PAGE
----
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Pleural complications in lung transplantation

Lorriana Leard, MD
Section Editor
Elbert P Trulock, MD
Deputy Editor
Helen Hollingsworth, MD


Pleural disease is an important consideration in patients undergoing lung transplantation. For some patients being considered as candidates for lung transplant, pre-existing pleural disease may increase their risk of postoperative pleural complications. Even in the absence of pre-existing pleural disease, pleural complications following lung transplantation are common due to disruption of the pleural space at the time of transplant surgery, complications related to rejection of the allograft, and the immunosuppression regimen post-transplant.

The risk factors for pleural complications and the postoperative pleural complications that develop in patients undergoing lung transplantation will be reviewed here. Issues regarding the selection of candidates for lung transplantation and the physiologic changes that occur following lung transplantation are discussed separately. (See "Lung transplantation: General guidelines for recipient selection" and "Physiologic changes following lung transplantation".)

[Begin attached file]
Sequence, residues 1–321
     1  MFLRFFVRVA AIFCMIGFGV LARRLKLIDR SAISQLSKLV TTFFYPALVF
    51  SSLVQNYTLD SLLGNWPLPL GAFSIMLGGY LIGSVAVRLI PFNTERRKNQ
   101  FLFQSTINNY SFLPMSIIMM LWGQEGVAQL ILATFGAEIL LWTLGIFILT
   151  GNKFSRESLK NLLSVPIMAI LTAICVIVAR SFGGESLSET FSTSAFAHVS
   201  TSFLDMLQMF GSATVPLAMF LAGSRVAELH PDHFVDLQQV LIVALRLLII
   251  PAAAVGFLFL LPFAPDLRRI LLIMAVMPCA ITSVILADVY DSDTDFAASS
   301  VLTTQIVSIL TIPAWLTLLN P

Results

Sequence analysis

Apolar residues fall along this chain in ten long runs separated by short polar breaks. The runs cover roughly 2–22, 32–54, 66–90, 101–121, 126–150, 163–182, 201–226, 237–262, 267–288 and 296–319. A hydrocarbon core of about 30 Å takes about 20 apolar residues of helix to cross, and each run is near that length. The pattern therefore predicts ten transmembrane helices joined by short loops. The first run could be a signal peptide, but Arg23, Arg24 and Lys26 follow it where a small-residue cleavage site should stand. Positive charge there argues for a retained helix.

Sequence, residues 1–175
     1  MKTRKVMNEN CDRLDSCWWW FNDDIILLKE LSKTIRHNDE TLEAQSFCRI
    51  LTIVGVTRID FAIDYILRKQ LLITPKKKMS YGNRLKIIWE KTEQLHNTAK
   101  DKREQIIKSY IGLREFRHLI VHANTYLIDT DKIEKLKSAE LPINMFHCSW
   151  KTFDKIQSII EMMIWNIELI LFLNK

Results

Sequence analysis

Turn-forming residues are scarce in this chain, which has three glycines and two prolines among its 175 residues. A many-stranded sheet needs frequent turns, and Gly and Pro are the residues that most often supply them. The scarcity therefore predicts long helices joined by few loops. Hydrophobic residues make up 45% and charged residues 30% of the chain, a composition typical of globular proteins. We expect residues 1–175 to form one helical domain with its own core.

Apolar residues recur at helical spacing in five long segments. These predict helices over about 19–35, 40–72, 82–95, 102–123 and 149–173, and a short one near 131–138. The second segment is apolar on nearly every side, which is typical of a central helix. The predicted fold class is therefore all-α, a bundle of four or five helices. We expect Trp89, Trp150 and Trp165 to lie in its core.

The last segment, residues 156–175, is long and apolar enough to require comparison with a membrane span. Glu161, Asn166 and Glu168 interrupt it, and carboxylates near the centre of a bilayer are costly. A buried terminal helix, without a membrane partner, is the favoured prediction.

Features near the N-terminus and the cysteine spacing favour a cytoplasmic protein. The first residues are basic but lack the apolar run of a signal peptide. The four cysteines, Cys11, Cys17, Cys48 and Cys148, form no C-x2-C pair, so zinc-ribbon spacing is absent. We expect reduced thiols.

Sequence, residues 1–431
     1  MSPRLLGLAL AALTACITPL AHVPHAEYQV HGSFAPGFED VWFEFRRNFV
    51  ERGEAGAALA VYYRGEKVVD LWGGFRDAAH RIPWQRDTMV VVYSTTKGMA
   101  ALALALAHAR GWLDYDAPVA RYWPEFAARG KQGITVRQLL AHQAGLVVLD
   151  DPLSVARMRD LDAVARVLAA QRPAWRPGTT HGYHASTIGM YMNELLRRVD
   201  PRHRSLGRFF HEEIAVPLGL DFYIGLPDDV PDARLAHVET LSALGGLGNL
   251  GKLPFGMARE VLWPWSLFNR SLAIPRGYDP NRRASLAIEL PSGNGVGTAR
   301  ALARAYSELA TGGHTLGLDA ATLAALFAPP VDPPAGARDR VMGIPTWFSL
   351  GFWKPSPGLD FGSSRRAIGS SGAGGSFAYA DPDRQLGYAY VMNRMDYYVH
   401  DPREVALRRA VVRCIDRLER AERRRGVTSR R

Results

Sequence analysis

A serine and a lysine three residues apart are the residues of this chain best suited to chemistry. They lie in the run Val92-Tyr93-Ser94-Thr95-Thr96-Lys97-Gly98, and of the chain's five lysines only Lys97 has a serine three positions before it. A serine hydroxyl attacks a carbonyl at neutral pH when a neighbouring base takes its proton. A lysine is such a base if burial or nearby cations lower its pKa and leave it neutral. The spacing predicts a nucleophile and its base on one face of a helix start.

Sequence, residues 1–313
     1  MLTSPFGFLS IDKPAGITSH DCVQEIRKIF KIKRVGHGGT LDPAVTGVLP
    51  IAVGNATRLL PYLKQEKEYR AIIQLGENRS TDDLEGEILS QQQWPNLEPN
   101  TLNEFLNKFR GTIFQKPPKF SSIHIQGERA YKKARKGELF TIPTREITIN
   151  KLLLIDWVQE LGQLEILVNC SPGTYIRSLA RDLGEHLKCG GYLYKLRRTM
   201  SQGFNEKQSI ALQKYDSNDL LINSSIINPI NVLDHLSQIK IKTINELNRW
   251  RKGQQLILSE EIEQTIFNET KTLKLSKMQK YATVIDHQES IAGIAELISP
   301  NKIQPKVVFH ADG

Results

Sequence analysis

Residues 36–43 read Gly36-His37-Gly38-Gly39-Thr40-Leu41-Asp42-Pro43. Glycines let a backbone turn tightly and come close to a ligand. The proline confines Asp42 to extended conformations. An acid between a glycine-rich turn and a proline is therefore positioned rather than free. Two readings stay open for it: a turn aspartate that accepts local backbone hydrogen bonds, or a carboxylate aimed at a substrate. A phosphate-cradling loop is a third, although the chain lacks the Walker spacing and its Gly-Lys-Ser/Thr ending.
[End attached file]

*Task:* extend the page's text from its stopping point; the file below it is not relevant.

Lung transplant recipients with pre-existing pleural space abnormalities and donor-recipient size mismatch are at increased risk of pleural complications at the time of lung transplant surgery.  

Pre-existing pleural space abnormalities — Pre-existing pleural disease may increase the risk of intraoperative and postoperative complications following lung transplantation, but is not necessarily considered a contraindication to lung transplantation [1]. At the time of lung transplantation, a recipient's native lung must be completely removed from that thoracic cavity. Pleural adhesions may make it much more difficult to remove the native lung, increasing operative time and placing the patient at increased risk for intraoperative bleeding.

Pre-existing pleural space abnormalities may be secondary to many different etiologies, such as prior pneumothorax, hemothorax, chylothorax, empyema, or pleural adhesions. Underlying suppurative lung disease and prior surgical lung biopsy can lead to pleural adhesions. In addition, treatment of these pleural space diseases by the placement of chest tubes, pleurodesis, or pleurectomy may further contribute to pleural space abnormalities that may complicate lung transplantation.


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Literature review current through: Sep 2016. | This topic last updated: May 26, 2016.
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